Clare Ngai launched this WOC-owned jewelry and accessories brand during the pandemic, in order to help raise money for BIPOC communities in need. For Black History Month, Bonbonwhims is donating 100 percent of the proceeds from every purchase of the green-and-red Lucky Charm Ring to GirlTrek. Bonbonwhims

Lilysilk. Courtesy Lilysilk


Who doesn’t want a little silky luxury right now? Lilysilk (we recommend the indulgent pillowcases) is donating 5 percent of every single sale from now through February 22 to Black Lives MatterLilysilk.

SOSS. Courtesy SOSS


Every month, SOSS donates $1 from a specific product to the Inglewood Community Fridge, of which its CEO, Vernon G. Yancy, is a co-founder. For Black History Month, the self-care and grooming brand is donating $1 for every unit sold of its Fearless Moisturizing Beard Souffle, Fearless Stimulating Beard Butter and Fearless Beard Essentials Bundle. SOSS.

Forever21 x Stormy Nesbit. Courtesy Forever21 x Stormy Nesbit


Forever21 is collaborating with artists Ashley Sky Walker, Stormy Nesbit and Henry Jones on limited edition capsule collections for Black History Month. Each collection is comprised of pieces that celebrate the voice and vision of the artists, with a portion of proceeds going to charities including Black-owned, Los Angeles-based boutique Sole Folks, which empowers underserved entrepreneurs and offers space for Black creators to showcase their brands. Forever21.

Affirmation Culture. Courtesy Affirmation Culture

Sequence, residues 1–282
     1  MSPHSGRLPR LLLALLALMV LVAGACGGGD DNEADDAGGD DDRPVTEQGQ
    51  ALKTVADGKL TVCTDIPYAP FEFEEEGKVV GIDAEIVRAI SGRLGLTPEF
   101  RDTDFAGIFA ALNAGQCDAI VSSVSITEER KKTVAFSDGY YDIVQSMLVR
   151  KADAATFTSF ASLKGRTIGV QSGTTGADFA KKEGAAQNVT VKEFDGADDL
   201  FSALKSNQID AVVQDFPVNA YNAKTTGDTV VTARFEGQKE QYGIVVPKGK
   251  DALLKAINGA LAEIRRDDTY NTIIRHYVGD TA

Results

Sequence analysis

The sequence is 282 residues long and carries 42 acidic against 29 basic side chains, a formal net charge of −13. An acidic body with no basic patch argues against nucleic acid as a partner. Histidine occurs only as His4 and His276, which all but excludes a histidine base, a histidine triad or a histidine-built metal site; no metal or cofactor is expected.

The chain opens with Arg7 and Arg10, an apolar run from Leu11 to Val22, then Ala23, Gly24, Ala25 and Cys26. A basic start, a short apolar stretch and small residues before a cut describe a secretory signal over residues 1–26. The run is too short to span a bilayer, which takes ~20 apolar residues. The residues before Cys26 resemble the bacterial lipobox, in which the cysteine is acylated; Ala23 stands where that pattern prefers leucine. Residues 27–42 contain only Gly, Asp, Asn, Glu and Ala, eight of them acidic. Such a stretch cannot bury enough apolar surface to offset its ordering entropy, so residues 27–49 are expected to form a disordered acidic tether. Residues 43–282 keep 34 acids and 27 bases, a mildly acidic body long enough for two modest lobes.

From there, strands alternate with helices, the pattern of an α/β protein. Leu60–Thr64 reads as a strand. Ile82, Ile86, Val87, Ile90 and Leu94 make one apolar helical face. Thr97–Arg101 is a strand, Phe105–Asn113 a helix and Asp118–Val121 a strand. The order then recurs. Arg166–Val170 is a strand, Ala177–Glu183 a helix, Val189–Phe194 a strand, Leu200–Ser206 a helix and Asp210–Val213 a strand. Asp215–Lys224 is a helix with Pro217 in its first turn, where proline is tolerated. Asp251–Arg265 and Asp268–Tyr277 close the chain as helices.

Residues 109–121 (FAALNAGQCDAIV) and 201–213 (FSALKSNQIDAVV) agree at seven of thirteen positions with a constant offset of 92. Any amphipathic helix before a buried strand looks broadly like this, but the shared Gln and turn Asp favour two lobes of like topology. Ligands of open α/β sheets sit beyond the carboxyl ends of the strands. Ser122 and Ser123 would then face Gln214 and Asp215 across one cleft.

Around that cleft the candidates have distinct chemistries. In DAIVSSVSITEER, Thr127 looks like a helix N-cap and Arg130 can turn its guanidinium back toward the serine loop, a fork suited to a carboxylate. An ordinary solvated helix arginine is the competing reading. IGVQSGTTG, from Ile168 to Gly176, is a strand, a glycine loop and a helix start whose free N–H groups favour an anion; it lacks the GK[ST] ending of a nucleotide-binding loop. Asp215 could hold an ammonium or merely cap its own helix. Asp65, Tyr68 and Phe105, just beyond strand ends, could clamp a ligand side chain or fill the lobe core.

Affirmation Culture

The wellness-oriented candle brand initially released its Call for Justice votive last year, following the murder of George Floyd. Affirmation Culture wanted to create awareness of racial inequality and injustice, while simultaneously raising money for BLM foundations and organizations. The brand has thus far raised over $13,500, and now they’re released a new Call for Justice candle in honor of BHM. The new candle comes with one of 10 quotes from a number of Black activists, with 20 percent of the profits from each $41 candle donated to Black Minds Matter UK and Grassroots LawAffirmation Culture.

Muxe. Courtesy Muxe

Muxe New York

The gender free New York-based streetwear brand is donating 15 percent of profits throughout Black History Month to the Marsha P. Johnson Institute, which works to protect and defend the rights of the Black transgender community. Muxe New York.

Freck. Courtesy Freck.


The beauty brand knows that giving back for just one month isn’t enough, so Freck has a permanent giveback in which 20 percent of the profits from its On Repeat cleanser are donated to Black Lives Matter funds. Freck.

Daem. Courtesy Daem


The Brooklyn-based watch brand, which recently released an exclusive Basquiet collab collection, is donating a portion of all profits in February to the Historically Black Colleges and Universities Foundation, which helps Black students across the country attain well-deserved higher education opportunities. Daem.

Haverhill Haverhill


Why not buy a pretty piece of jewelry and contribute to fighting racial injustice? Throughout February, Haverhill will donate 100 percent of proceeds from its Hope Collection to Color of Change. Haverhill.
The Lifestyle Brands Giving Back for Black History Month